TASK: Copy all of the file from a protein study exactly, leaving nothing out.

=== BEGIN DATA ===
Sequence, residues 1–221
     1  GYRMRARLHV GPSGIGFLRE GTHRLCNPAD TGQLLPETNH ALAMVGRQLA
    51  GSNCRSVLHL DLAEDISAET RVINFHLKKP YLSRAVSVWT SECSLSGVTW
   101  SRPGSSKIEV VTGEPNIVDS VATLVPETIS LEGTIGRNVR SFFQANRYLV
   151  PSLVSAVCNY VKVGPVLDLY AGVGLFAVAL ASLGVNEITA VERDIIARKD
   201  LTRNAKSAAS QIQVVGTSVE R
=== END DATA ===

Sequence, residues 1–221
     1  GYRMRARLHV GPSGIGFLRE GTHRLCNPAD TGQLLPETNH ALAMVGRQLA
    51  GSNCRSVLHL DLAEDISAET RVINFHLKKP YLSRAVSVWT SECSLSGVTW
   101  SRPGSSKIEV VTGEPNIVDS VATLVPETIS LEGTIGRNVR SFFQANRYLV
   151  PSLVSAVCNY VKVGPVLDLY AGVGLFAVAL ASLGVNEITA VERDIIARKD
   201  LTRNAKSAAS QIQVVGTSVE R